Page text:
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Bush’s Alleged Democracy Goal in Iraq
L iberation and democracy came late as an alleged major goal of the Bush administration in its invasion-occupation of Iraq. Despite this lateness, and a vast array of reasons and evidence that at best only a nominal or “Arab façade”democracy was on the Bush agenda, to a remarkable degree the mainstream U.S. media, pundits— including many liberal pundits—as well as the UN and other members of the “international community” quickly accepted the notion of a democratic aim. This, of course, has served the Bush administration well, transforming a major act of aggression and violation of the UN Charter, and a brutal, destructive, exploitative, and illegal occupation, into a pursuit of noble ends, including “stability”—which the invasion-occupation destroyed—as a supposed means to democracy.
This dubious acceptance of a creditable objective was an important feature of the media’s and establishment intellectuals’ treatment of the Vietnam War almost a half century back. The U.S. aims at that time were always treated as benevolent: repelling “aggression,” protecting “South Vietnam,” and helping to give the southern Vietnamese the right to “self-determination.” The evidence that the National Liberation Front (NLF) had mass support whereas the U.S.-imposed client government had very little, that “South Vietnam” was an artificial U.S. creation, and that most of the fighting and killing by the United States was of South Vietnamese in the southern part of Vietnam, that “self-determination” was precisely what the United States was fighting against, and that only the United States was the external aggressor, never caused the media to challenge the claimed noble ends (or to identify this as a case of U.S. aggression).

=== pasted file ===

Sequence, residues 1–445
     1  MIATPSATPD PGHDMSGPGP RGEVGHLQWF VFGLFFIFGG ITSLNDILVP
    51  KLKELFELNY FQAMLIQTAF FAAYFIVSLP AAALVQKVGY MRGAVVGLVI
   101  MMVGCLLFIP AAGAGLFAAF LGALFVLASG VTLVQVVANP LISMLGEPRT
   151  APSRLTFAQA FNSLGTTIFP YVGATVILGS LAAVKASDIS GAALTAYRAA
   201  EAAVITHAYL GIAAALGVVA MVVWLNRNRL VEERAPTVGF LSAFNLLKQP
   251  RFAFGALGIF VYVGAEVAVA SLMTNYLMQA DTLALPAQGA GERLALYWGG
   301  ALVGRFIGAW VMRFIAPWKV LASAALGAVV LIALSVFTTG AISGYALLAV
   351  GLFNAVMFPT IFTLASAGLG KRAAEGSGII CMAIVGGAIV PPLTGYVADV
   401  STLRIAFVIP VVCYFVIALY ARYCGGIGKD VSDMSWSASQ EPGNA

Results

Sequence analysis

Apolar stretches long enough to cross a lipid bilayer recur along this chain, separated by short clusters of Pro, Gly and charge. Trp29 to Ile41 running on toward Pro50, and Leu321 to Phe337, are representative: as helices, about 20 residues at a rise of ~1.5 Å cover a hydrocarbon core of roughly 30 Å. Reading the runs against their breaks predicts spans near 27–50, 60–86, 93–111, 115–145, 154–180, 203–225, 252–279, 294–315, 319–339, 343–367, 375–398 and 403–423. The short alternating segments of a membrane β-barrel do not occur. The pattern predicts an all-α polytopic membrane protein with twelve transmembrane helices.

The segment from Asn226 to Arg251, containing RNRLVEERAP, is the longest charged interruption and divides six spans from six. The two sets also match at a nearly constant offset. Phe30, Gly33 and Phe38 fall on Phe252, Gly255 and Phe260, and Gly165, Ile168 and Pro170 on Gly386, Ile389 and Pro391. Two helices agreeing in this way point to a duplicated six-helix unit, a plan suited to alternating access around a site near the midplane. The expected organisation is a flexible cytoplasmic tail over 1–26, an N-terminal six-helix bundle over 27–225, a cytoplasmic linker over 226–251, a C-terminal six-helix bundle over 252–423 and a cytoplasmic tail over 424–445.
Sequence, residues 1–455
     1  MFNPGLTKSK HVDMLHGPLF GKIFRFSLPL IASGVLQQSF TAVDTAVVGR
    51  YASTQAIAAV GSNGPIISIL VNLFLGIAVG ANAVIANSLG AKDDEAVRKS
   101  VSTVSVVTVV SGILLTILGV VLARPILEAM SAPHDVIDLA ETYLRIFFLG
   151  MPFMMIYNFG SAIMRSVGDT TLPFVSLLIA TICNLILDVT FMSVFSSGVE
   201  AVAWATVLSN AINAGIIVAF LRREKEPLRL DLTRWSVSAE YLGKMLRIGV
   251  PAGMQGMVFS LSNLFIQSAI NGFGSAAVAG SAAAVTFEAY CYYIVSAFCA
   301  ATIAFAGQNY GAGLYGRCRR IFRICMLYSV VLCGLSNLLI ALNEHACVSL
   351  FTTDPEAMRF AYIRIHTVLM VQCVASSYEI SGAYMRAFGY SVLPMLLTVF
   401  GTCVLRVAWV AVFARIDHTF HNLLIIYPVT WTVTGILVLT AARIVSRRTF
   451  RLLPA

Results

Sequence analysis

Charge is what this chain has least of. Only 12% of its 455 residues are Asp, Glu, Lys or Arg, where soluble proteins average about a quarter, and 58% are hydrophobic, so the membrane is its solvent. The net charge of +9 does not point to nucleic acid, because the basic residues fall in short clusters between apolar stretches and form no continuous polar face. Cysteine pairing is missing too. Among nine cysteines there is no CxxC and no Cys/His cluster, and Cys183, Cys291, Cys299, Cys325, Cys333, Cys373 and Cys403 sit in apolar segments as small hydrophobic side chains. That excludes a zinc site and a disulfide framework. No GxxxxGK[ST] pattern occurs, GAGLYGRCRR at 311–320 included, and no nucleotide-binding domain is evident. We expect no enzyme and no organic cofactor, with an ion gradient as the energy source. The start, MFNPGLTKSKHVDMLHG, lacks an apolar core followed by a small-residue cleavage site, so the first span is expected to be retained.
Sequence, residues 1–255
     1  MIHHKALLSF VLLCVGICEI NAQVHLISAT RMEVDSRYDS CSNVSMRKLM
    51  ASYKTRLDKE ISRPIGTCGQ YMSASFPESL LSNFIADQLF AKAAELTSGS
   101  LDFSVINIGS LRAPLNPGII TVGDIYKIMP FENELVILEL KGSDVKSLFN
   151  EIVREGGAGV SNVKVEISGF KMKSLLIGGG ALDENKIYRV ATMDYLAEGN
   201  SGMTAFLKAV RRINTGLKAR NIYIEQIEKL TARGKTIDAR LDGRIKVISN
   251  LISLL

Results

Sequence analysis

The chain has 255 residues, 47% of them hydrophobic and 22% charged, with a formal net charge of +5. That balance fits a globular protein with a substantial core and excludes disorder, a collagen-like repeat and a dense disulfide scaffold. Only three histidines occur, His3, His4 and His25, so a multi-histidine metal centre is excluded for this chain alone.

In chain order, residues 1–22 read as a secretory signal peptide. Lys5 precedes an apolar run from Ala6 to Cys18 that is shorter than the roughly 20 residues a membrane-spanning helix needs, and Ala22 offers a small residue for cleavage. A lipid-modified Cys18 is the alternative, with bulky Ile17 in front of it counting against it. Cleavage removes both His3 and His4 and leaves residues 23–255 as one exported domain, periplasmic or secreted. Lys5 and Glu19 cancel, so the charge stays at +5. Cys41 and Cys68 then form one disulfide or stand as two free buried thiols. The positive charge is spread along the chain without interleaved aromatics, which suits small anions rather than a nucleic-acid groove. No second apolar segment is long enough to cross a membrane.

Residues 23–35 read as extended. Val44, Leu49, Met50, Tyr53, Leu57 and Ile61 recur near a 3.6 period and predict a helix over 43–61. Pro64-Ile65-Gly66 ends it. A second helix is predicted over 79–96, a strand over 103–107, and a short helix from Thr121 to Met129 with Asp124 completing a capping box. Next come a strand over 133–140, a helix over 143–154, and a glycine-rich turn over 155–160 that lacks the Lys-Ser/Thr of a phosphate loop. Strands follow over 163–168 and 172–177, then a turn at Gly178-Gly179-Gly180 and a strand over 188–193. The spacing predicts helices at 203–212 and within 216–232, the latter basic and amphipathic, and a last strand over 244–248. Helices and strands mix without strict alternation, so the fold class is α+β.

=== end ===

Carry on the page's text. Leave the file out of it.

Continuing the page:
The client government of the southern part of Vietnam was a classic puppet. U.S. General Maxwell Taylor pointed out in internal communications that we could replace a recalcitrant or ineffective leader with another of our choice whenever deemed desirable. In its later years this government was manned by U.S.-selected former mercenaries of the earlier French colonial regime who openly acknowledged their inability to compete with the NLF on a purely political basis. But the word puppet was never applied to this government by the mainstream media any more than they would use the word aggression to describe their own government’s role.
Things have not improved since the Vietnam War years. The United States fought then to maintain a client government and dependency in the southern part of Vietnam. The Bush administration aimed similarly to depose Saddam Hussein and put in his place a client government and dependency in Iraq. Of course we sponsored elections in Iraq and gave Iraq its “sovereignty” in 2004, but we sponsored elections in Vietnam in 1966 and 1967, and “South Vietnam” had been declared sovereign by its U.S. sponsor in 1954, and anybody capable of making an independent assessment would have been aware that the sovereignty was purely nominal. Also that the elections were “demonstration elections” designed to prove something to the U.S. public rather than free elections that gave the locals a real choice. Iraq’s election was held under a military occupation and in the midst of a counterinsurgency war that was provoking a simultaneous civil war so that, like the Vietnam elections, it was compromised in advance.
George Bush himself pointed out the incompatibility of a military occupation with an honest election. With reference to Lebanon, Bush stated that France as well as the United States, “said loud and clear to Syria, you get your troops and your secret services out of Lebanon so that good democracy has a chance to flourish.” The U.S. occupation of Iraq has been far more extensive, intrusive, transformational, and violent than that of Syria in Lebanon, but the patriotic double standard applies here and is unchallenged in the U.S. mainstream. Our troops, secret services, control of finances, and imposed structural and legal changes in the occupied country do not threaten “good democracy.” This is strictly a triumph of ideology and statesupportive propaganda.